(Photo via Flickr user Geoff Stearns, used under a Creative Commons license)
It’s been two years since Philadelphia was selected by the MacArthur Foundation in May 2015 as one of 20 communities to receive a $150,000 grant to begin work toward reducing its prison population by doing things like, well, arresting fewer people.
With a whopping $3.5 million awarded to Philly by the foundation this past April, a big chunk of the $6 million total invested by the city, the effort has apparently been making some good headway in its three-year plan to cut Philly’s prison population by 34 percent.
According to Billy Penn, the jail population in Philly has decreased by almost 20 percent since May 2015: A bit more than 8,000 people were incarcerated in 2015, down to 6,604 by the end of last month.
The new numbers and results come out of a recent hearing with City Council’s Special Committee on Criminal Justice Reform, where a coalition of leaders in the criminal justice community have worked to implement six strategies, which include 19 programs.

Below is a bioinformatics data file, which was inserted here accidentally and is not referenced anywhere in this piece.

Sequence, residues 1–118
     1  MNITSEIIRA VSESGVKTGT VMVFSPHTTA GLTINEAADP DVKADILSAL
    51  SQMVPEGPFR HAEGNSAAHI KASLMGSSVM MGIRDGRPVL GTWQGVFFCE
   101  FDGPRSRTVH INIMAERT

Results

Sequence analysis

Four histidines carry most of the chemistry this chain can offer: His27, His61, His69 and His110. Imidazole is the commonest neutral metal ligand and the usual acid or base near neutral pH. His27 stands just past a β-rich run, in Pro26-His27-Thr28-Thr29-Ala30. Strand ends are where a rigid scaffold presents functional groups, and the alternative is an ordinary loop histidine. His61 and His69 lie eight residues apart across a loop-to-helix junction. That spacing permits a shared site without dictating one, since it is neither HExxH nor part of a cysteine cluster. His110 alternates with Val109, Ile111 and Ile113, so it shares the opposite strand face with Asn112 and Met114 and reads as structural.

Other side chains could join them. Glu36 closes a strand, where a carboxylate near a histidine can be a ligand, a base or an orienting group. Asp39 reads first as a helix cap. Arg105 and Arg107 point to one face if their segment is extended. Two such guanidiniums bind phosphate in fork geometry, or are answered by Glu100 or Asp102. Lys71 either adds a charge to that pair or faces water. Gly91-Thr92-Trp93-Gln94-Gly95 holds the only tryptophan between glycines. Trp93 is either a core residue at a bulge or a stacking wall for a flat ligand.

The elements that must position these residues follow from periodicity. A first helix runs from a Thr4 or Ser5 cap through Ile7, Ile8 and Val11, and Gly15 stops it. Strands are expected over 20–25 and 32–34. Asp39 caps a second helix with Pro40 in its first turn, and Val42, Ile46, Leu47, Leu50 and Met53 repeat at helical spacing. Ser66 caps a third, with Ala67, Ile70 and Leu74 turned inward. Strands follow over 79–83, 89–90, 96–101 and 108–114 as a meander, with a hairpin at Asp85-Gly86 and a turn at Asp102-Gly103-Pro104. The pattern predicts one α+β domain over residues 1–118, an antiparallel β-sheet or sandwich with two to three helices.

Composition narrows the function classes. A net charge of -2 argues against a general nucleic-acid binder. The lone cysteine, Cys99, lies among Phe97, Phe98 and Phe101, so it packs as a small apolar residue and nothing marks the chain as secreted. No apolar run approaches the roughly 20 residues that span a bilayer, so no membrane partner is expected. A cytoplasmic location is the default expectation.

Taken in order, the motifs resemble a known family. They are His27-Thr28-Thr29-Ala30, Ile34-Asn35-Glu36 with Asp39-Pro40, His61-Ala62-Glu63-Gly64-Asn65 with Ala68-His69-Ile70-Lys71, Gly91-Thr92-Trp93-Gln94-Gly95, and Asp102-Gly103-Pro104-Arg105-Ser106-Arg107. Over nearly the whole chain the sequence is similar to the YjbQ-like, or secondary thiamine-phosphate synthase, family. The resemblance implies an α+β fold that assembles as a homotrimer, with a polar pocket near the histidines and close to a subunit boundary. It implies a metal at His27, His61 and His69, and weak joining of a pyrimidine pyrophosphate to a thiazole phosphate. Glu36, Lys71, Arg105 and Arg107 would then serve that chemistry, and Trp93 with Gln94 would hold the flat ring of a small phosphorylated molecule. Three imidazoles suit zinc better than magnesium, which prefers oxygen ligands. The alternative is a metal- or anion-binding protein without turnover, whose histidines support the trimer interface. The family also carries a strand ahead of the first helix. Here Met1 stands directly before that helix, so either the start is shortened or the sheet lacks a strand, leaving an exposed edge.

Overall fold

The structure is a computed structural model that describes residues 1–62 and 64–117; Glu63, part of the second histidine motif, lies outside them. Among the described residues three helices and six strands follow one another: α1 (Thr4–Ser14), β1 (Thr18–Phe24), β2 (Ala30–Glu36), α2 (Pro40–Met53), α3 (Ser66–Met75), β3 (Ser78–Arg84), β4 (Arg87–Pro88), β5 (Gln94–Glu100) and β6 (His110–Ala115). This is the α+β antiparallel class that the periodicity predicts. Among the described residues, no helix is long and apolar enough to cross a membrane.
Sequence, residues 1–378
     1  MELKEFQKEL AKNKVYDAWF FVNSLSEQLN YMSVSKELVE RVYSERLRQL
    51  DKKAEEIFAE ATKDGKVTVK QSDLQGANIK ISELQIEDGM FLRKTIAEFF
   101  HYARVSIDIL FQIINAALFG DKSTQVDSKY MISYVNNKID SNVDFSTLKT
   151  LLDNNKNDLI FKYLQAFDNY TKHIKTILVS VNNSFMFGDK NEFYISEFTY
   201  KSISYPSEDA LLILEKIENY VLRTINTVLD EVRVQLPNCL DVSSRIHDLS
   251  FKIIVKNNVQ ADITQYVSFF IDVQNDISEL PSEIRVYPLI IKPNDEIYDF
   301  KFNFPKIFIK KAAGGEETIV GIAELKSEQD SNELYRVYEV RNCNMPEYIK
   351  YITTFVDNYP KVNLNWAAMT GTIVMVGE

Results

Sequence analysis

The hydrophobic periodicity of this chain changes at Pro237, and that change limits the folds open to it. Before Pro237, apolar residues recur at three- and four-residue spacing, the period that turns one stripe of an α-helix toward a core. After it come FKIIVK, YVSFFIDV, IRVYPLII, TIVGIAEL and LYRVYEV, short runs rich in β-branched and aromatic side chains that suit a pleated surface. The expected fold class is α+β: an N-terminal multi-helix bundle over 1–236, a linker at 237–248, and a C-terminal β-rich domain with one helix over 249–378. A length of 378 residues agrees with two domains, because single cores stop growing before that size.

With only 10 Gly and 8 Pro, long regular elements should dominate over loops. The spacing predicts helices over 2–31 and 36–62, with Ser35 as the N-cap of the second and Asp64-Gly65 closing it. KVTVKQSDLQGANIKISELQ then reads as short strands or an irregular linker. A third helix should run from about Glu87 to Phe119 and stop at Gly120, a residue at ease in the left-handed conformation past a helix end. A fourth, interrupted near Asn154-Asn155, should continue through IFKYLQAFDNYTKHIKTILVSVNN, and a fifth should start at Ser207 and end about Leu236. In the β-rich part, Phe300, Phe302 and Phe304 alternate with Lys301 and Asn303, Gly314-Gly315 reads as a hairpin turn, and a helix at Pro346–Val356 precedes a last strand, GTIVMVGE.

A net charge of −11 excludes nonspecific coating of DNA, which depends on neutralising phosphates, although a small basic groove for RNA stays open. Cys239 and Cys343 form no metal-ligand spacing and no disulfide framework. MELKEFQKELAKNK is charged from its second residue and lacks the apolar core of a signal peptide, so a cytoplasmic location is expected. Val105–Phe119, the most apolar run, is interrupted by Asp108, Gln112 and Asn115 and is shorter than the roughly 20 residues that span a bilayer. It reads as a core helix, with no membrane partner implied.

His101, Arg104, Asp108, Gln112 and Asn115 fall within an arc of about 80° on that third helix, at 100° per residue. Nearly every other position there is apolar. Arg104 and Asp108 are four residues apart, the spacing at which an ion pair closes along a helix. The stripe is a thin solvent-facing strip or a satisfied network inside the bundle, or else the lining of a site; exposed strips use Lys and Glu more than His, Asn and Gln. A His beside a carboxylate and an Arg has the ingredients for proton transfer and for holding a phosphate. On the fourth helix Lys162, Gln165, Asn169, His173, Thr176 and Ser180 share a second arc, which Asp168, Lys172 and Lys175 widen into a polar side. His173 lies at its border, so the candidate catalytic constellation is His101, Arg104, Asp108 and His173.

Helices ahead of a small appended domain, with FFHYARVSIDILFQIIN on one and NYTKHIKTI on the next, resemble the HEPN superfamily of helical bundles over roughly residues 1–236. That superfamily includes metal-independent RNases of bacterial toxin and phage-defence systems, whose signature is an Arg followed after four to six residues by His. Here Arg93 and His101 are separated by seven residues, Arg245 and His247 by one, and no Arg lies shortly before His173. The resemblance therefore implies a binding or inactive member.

Twelve of those programs have already begun, and of those 12, Billy Penn highlights two programs — pretrial bail advocates and Early Bail Review — working to specifically lessen the pretrial inmate population, which makes up almost 30 percent of the Philadelphia Prison System population.
According to the city, 84 percent of defendants who received an Early Bail Review were released and 90 percent of those defendants showed up at their next court date.
But as mentioned by Jaime Henderson, director of research and development in the First Judicial District, at the hearing, there’s still a good amount of work and planning to be done.
From our Partners
“We are over halfway there … but there’s a lot of work that lies ahead of us,” Henderson said.-30-
From our Partners
As the coronavirus rages in prisons, ethical issues of crime and punishment become more compelling
Decades of failed reforms allow continued police brutality and racism
On July 4th: An investigation of interdependence
Inscripción Doble en Congreso: Lo que trae el futuro
Candace McKinley: Yes, #DefundthePolice. But also #FreeThemAll and #AbolishPrisons
In a public statement, Urban League proposes four areas of focus for police reform
Dr. Yusef Salaam: ‘If I can tell my narrative, I can get my narrative back’
Dual Enrollment at Congreso: Where does it go from here?
Public Health Management Corporation
Regional Manager, Healthcare and Emergency Management (NW and Central Pa.)Apply Now
Sign-up for daily news updates from Generocity